If a function is differentiable twice, we know that it is concave up if #f''(x) >0# and concave down viceversa.

So let us calculate:

#f(x) = 4/(x^2+1) = 4(x^2+1)^(-2)#

#f'(x) = -16x(x^2+1)^(-3)#

#f''(x) = 96x^2(x^2+1)^(-4)-16(x^2+1)^(-3) = frac(96x^2-16(x^2+1)) ((x^2+1)^4)= frac(96x^2-16x^2-16) ((x^2+1)^4)=16frac (5x^2-1) ((x^2+1)^4)#

Evidently the denominator of #f''(x)# is always positive, so the sign of #f''(x)# is the sign of the numerator and we see that:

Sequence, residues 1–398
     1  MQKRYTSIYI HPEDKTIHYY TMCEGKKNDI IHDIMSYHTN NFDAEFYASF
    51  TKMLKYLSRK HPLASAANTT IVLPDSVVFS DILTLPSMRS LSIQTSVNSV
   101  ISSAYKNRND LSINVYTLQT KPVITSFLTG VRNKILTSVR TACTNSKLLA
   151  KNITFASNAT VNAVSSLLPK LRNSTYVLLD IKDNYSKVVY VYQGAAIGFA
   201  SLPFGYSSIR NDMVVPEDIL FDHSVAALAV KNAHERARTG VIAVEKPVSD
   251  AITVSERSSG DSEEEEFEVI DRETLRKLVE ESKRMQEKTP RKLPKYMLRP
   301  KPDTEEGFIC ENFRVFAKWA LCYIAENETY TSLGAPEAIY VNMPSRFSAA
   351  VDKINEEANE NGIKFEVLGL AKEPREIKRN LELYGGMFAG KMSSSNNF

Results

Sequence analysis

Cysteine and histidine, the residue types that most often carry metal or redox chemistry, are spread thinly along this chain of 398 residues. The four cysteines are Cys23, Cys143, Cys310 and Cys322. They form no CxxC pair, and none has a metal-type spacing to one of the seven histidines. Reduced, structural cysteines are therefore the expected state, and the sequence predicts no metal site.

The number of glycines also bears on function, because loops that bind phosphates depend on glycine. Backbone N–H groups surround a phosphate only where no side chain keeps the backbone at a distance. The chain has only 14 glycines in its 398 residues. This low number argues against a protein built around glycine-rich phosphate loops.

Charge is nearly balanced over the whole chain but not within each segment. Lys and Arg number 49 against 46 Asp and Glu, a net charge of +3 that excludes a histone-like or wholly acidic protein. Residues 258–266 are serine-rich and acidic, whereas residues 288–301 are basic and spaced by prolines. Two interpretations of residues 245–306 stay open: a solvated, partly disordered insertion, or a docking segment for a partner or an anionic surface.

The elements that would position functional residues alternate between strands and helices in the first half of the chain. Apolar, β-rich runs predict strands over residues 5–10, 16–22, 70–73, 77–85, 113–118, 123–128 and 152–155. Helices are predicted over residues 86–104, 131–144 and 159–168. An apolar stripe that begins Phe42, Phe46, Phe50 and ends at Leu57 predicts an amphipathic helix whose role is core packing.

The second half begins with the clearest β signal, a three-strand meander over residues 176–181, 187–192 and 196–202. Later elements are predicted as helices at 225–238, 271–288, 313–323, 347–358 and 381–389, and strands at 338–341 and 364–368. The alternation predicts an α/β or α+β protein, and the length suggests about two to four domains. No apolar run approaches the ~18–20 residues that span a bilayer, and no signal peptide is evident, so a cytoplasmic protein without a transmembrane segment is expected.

#f''(x) < 0# for #|x|< 1/sqrt(5)#

So #f(x)# is concave up in the intervals #(-oo,-1/sqrt(5))# and #(1/sqrt(5),+oo)# and concave down for #x# in the interval #(-1/sqrt(5),1/sqrt(5))#.

graph{4/(x^2+1) [-10, 10, -5, 5]}